One of the most intriguing aspects of Calamophyton trees was their reproductive system. Like many ancient plants, they reproduced through spores rather than seeds, a method that predates the evolution of flowering plants.

This mode of reproduction was well-suited to the humid, warm environments in which they thrived, allowing them to spread and colonize new areas effectively.

Ecological impact

The presence of Calamophyton trees had a profound impact on the prehistoric ecosystems in which they lived. By contributing to the development of the planet’s first forests, they played a crucial role in modifying the Earth’s atmosphere, increasing oxygen levels, and paving the way for the evolution of more complex life forms.

These ancient forests also provided habitats for a wide range of organisms, from the smallest insects to larger, more complex animals, fostering biodiversity and ecological complexity.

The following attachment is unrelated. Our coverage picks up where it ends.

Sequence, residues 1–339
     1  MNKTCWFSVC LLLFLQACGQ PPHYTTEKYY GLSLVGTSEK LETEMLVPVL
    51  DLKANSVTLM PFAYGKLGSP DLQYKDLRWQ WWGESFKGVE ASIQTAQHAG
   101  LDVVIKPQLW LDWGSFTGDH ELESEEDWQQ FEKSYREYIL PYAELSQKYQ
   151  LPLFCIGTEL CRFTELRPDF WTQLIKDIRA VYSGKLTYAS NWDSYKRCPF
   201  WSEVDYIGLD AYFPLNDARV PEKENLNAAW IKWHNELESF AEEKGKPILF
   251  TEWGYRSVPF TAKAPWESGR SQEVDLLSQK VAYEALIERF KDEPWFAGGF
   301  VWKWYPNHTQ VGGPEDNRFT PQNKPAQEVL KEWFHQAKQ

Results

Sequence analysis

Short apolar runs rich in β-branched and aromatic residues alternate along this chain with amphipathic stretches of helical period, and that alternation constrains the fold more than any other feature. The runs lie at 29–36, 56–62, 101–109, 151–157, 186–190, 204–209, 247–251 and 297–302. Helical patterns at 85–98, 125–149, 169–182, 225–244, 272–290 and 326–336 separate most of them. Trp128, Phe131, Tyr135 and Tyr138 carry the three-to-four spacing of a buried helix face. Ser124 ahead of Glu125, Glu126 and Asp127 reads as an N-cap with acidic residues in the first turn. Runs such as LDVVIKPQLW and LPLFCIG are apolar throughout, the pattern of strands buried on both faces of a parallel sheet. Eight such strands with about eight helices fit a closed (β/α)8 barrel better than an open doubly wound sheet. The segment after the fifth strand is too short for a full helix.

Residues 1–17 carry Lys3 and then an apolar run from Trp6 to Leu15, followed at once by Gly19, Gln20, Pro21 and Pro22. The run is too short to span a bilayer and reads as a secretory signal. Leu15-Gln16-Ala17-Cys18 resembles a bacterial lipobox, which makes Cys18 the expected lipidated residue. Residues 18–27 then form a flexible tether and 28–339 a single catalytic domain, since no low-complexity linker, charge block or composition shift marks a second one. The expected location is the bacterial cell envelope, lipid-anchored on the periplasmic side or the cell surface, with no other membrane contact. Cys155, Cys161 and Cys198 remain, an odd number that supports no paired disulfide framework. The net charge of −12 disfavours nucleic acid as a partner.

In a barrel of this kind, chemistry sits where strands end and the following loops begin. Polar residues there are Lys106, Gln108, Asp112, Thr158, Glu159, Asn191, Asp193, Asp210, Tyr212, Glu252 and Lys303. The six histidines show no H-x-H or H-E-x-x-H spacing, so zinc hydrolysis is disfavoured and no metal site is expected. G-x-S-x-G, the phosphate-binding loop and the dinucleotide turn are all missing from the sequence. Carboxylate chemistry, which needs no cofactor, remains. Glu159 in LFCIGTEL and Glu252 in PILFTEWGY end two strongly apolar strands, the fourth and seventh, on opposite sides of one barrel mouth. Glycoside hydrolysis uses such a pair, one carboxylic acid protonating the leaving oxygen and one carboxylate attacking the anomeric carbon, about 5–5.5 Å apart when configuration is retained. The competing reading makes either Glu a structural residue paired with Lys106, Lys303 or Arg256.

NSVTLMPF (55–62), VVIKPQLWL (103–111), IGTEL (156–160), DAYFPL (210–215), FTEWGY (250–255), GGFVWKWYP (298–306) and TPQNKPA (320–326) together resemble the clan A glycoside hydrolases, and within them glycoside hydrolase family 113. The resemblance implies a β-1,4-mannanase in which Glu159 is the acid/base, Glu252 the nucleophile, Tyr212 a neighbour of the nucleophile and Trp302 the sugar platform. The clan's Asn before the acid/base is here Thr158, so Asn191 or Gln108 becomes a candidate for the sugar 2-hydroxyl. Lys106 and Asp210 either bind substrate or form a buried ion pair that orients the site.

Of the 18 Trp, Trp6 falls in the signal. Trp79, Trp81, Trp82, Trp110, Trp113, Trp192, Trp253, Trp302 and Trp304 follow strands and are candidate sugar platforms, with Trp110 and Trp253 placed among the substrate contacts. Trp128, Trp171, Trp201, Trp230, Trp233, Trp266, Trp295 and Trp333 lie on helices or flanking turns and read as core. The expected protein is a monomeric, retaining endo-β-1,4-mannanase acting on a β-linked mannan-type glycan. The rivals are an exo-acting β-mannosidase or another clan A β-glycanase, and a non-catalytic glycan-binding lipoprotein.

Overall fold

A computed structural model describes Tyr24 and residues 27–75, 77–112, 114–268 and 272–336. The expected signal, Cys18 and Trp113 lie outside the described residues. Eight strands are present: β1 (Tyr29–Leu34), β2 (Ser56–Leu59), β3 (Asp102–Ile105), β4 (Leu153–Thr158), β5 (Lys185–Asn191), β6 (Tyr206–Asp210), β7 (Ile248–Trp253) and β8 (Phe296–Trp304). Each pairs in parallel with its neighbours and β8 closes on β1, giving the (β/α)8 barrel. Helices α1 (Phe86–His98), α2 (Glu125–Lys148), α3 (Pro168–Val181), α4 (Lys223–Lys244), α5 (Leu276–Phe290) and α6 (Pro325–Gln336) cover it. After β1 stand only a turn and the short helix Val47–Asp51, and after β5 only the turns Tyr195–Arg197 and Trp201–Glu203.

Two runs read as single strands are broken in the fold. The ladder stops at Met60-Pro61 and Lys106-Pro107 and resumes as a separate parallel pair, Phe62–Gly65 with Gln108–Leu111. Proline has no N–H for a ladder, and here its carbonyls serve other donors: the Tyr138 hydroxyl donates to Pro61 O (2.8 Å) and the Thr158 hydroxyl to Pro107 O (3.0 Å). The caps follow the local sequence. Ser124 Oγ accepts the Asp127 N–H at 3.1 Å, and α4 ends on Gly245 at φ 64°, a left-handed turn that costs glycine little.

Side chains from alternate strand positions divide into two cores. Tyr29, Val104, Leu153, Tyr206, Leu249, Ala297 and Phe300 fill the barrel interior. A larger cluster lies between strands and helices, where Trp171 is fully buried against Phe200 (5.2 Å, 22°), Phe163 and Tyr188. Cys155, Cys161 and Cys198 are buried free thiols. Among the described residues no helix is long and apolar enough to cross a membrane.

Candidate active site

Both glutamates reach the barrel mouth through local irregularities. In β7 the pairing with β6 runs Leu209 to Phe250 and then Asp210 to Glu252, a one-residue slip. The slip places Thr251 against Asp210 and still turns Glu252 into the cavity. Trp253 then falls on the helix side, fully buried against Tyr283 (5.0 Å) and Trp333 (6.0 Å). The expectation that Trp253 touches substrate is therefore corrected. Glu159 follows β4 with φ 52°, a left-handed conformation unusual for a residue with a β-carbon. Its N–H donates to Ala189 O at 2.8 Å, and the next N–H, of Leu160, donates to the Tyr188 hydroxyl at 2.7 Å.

Moreover, the decay and fossilization of Calamophyton and other contemporary plants led to the formation of coal beds, which are an important source of fossil fuels today.

Thus, these ancient trees not only shaped the ecosystems of their time but also have a lasting impact on modern human society and our energy resources.

Calamophyton trees’ lasting legacy

Though the Calamophyton trees have long since vanished from the face of the Earth, their legacy lives on through the fossil record and the role they played in shaping the course of evolutionary history.

By studying these ancient plants, scientists can gain insights into the environmental conditions of the past, the evolutionary processes that have shaped life on Earth, and the intricate relationships between different forms of life throughout history.

In essence, the story of Calamophyton is a testament to the dynamic and ever-changing nature of our planet. It reminds us of the profound ways in which life, through its myriad forms and processes, has transformed and continues to transform the world we live in.

The full study was published in the Journal of the Geological Society.


Like what you read? Subscribe to our newsletter for engaging articles, exclusive content, and the latest updates.

Check us out on EarthSnap, a free app brought to you by Eric Ralls and


News coming your way
The biggest news about our planet delivered to you each day